Are you headed overseas and need some advice about travel technology? While this entire site is for you, we thought we’d take the opportunity to boil our advice down into a few key tech travel tips that will make a big difference on your next trip.
Have a Connection Plan Before You Arrive
Don’t wait until you arrive to sort out how you’ll stay connected. Using your phone without researching roaming costs can rack up quite a bill before your return home.
If you’re not going to use your cell phone plan while traveling, turn off cellular data so that your phone is only able to access a Wi-Fi connection.
If you do plan to use your phone abroad, check with your phone company before you leave to see if it has any reasonable options for staying connected throughout your trip. Fortunately, even if it doesn’t, there are still several other approaches that won’t break your travel budget.
Increasingly, if your device has a physical SIM slot, it comes unlocked for use around the world. If not, it may be possible to get it unlocked—either by asking your cell company or by less official means. In either case, you can buy a prepaid local SIM card at your destination to stay connected at a much lower rate than using your plan from back home.
You may be able to purchase a prepaid SIM at the airport, or ask your Airbnb host, hostel, or hotel where you can find one. We have dozens of detailed articles on how to buy local SIM cards around the world.
Another option is to buy or rent a mobile hotspot like the Glocal G4 that will work in multiple countries. This is useful if you need to be connected the moment you land to pull up travel information, order an Uber, or connect with your Airbnb host.
If you have a recent iPhone, or one of a few different Android models, you also have the option of buying an international eSIM. This is one of the best ways of keeping your home number available for calls and texts while traveling, yet still benefiting from (typically) cheap local data service.
Dig a little deeper into the best way to use your phone overseas before you leave. Whatever you choose, the most important part is having a plan before you arrive at your destination.
Protect Yourself With a VPN
A VPN (Virtual Private Network) provides you with secure and private access to the internet. It ensures no one can see what you are doing online, and helps protect login details and personal information.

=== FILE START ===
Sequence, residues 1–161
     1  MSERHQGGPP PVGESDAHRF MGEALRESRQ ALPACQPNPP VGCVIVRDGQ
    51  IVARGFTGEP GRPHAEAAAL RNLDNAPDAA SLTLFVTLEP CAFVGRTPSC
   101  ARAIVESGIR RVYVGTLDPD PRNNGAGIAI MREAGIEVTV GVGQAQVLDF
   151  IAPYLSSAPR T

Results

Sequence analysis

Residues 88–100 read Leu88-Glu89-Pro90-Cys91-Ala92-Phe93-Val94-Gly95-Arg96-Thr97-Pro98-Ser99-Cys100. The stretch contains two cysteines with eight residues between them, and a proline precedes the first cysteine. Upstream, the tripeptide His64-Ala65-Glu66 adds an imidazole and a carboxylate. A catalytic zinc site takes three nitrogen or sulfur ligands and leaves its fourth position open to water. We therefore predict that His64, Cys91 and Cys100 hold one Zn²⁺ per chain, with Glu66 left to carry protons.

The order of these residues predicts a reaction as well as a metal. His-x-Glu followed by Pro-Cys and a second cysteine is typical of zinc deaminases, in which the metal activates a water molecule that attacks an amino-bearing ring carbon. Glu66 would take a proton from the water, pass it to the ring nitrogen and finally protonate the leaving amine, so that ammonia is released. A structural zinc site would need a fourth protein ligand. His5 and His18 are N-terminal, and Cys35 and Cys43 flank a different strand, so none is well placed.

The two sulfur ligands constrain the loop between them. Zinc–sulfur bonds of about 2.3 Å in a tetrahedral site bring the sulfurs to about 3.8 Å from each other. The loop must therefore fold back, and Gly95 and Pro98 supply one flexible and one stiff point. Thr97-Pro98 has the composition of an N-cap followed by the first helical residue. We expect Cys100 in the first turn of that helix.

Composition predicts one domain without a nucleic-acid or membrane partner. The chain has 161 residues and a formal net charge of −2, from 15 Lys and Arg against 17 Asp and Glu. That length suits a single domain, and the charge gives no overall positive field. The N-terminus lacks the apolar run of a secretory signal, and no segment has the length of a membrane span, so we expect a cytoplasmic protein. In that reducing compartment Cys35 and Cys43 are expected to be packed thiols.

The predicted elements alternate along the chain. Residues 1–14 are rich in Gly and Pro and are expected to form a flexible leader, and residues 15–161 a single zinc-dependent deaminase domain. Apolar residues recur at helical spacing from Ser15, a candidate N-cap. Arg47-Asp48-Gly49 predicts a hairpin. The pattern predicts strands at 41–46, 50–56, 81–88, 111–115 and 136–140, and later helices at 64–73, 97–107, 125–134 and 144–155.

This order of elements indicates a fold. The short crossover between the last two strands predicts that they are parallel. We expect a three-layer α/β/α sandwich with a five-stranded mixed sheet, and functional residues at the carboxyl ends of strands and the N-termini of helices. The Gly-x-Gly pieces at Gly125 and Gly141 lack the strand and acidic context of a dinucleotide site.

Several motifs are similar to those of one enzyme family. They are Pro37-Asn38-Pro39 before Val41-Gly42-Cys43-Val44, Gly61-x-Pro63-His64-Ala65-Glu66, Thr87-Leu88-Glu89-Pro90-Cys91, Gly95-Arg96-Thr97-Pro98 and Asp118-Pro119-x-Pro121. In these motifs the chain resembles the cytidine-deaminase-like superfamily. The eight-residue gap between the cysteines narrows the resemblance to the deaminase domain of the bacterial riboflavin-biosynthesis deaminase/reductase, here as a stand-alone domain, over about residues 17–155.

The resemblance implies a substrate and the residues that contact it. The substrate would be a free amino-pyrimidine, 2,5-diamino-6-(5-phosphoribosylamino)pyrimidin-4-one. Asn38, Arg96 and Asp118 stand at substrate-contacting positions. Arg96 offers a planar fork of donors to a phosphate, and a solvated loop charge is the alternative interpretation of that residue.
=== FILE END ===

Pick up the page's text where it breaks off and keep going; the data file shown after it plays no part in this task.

A VPN is essential for travelers, especially if you plan on using unsecured Wi-Fi in shared locations like coffee shops and public spaces. Otherwise, using basic tools, anyone connected to the same network can easily grab your login details and other data and use it to break into your accounts.
VPNs also come in handy for accessing streaming services like Netflix and iPlayer that are limited or unavailable in the country you’re traveling in. Finally, a VPN helps you access blocked sites in countries that censor the web, by routing your connection through a server in a different country.
We’re currently using ProtonVPN and have been very impressed by it, but depending on your needs and budget, different services may be a better fit for you. Read more about why VPNs are important on the road, and our other top VPN picks for travelers.
Carry A Portable Battery
A power bank or portable battery is a small but crucial piece of travel tech, giving your gadgets extra battery life when you can’t find a power outlet.
Has your phone ever died after a long flight or bus ride, or while using Google Maps to find your destination? A power bank will save you when you need a quick boost of power for your mobile device.
Even a small candy bar-sized one is enough to get you out of a jam, but if you need something more, check out our recommendations for the best portable batteries for travel.
Convert Power With a Multi-Adapter
If you travel overseas, at some point you’ll encounter a country with different electrical sockets to the ones you use back home. To plug anything in or charge your devices, you’ll need a power adapter. Invest in a good one. since you don’t want it to break and leave you without any power in the middle of your trip.